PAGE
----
The traditional Mino pottery styles of Shino, Oribe, Yellow Seto and Black Seto have been the pride of the Japanese ceramic world since the Momoyama Period (1568-1615). However, Mino pottery just isn’t what it used to be. Gone are its chadogu (tea wares) days of the 17th-19th century, when it was used to serve local lords and wealthy merchants. Gone, too, are the times it was favored to serve 20th-century lady students of tea.

What, then, is the Mino pottery world up to in the 21st century? Well, it’s an energetic maze of “anything goes,” and in addition to a few surviving stalwart chadogu potters, we find works in clay across the whole gamut of artistic forms.

What defines Mino these days is on view at the Museum of Modern Ceramic Art, Gifu, in its ambitious “Mino Ceramics NOW 2004” exhibition that runs through Dec. 15 and features the works of about 120 potters.

Staged to celebrate the museum’s second anniversary this autumn, the exhibits on show in Gifu have been chosen to focus on that which matters most there: pots made by potters living and working in Mino.

“Mino Ceramics NOW 2004” focuses on 20th-century and contemporary Mino ware, and is divided into five sections: “Mino Ceramic Art Pioneers,” “Mino-yaki Renaissance,” “From Classics to Form,” “Objects and Craft” and “Public Competitions and New Wave.”

The “pioneers” defined 20th-century Mino pottery — beginning in the 1930s — and were led by the late Toyozo Arakawa (1894-1985) in his stunning revival of Momoyama tea-inspired wares. In 1955, Arakawa was designated a living national treasure for his Shino and Black Seto wares. Also in this first-wave group are Kobei Kato V (1893-1982), and the late living national treasures Hajime Kato (1900-68; designated for overglaze enamel in 1961) and Kaiji Tsukamoto (1912-90; designated for white and bluish porcelain in 1983), Fujio Koyama (1900-75), Chizan Ando I (1909-59) and Sakuzo Hineno (1907-84).

The “Renaissance” section, as might be expected, takes its theme from traditional forms, and here we find many chadogu potters using classical glazes. It must be hard for these potters not to fall under the spell of the ancient wares, so alive and entrancing as they still are. As Osamu Suzuki — a designated living treasure for his Shino — has said, “Our predecessors have opened up uncharted paths, and we today must understand their hearts and attitudes. What we have to beware of is copying and corrupt fashions.”

Most Mino potters have found their own path, including Suzuki’s powerful Shino chawan on display. Unfortunately, though, this is not always the case, as some do fall into mere flattery; there is nothing new or moving in Kenji Hara’s carbon copy of a Momoyama Period Ki-Seto chawan; lifeless at best and I wonder why it was chosen. Pieces that do sing here are Yoshihiko Yoshida’s soulful Red Shino chawan, Haruhiko Tsukamoto’s soaring Oribe platter, and Hiroshi Sakai’s denim-colored and incised large Shino vessel.

The “Classics to Form” section initially shows ancient Persian-inspired blue glazes. Then we move on to the Mino forms and we find a dynamic three-cut large Oribe platter of waves, mountains and the moon by Kuniya Kato, as well as very distinct forms of sculptural quality especially seen in Yuji Kato’s dripping ash-glaze cut bowl.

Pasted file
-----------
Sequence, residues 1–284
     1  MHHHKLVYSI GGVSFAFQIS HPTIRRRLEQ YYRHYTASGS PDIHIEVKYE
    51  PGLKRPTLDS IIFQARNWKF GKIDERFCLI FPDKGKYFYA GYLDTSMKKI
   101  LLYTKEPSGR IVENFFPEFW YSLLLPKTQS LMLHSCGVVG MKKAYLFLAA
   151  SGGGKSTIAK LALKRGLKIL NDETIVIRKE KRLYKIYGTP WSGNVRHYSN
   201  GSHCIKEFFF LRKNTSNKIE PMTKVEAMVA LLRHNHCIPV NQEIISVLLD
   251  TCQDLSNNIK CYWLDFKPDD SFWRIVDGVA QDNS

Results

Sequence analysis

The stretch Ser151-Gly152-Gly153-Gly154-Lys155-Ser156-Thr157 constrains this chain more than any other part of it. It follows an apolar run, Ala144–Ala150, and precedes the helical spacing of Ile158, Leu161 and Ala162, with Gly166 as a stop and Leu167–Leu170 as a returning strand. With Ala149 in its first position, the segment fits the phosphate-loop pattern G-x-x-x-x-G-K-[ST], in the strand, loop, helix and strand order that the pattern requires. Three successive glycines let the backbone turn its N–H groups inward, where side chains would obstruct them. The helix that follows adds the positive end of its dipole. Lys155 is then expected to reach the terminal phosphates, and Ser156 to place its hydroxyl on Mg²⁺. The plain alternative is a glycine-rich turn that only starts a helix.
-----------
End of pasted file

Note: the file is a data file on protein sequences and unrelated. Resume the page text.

“Object and Crafts” is the most eclectic section, as it attempts to balance functional works with clay art such as the daintily painted red-overglaze enamel vessels — Takumi Kuroiwa’s set is pictured — and Shigenori Hobo’s dreamy composition titled “Icon of Justice.” The latter is a fantastic work of Dali-esque images — a missile impacted near a noh-like mask — and leaves the viewer encased in a sea of conflicting emotions, drifting between serenity and anger. The whole section is a clash of values: Cups and saucers battle for attention next to spacey alien figures (Yoji Kato), yet it somehow balances out in its elastic clay definitions.

In the last section we discover the future of Mino, for here we have the youngest potters (born between 1964-78) making works that pay homage to the great Shino chawan of the past (Yasukage Kato VIX) and also to wildly imaginative installations such as the series of Batman faces melting into the floor by Shigeki Hayashi.

The depth of talent is breathtaking and points to a brilliant future for Mino. My only concern is that more potters in this section utilize the fantastic glazes that put Mino on the map in the first place; it would be a major loss to the world if the glazes of Shino, Oribe, Yellow Seto and Black Seto faded from Mino. I’m sure as these artists mature they will also realize that as well.

Another exhibition of note is a rare look at modern Shodai-yaki in Tokyo until Oct. 17 at Ginza Kumamoto Honkan (Ginza 5-chome 3-16, next to the Sony Building). Shodai-yaki is fired in Kumamoto Prefecture and is one of Japan’s treasured mingei wares.

“Mino Ceramics NOW 2004” is open 10 a.m.-6 p.m.; closed Mondays, except when it is a holiday, in which case it is closed the next day. Admission is 800 yen for adults. To get there from Nagoya, take the JR Chuo line to JR Tajimi Station, from where the museum is 10 minutes by taxi.
The museum’s English homepage is at www.cpm-gifu.jp/museum/english/index.html
Robert Yellin’s Web site is at www.e-yakimono.net


The running period for the exhibition “Guggenheim Collection — From Renoir to Warhol” now on at the Bunkamura Museum of Art in Tokyo’s Shibuya district has been extended through Oct. 24. The exhibition was originally scheduled to end Oct. 11.

The museum (2-24-1 Dogenzaka, Shibuya-ku. Tel. [03] 5777-8600) is next to the main Tokyu department store and the exhibition is open 10 a.m.-7 p.m. (till 9 p.m. Fridays and Saturdays). The same-day ticket is 1,400 yen.

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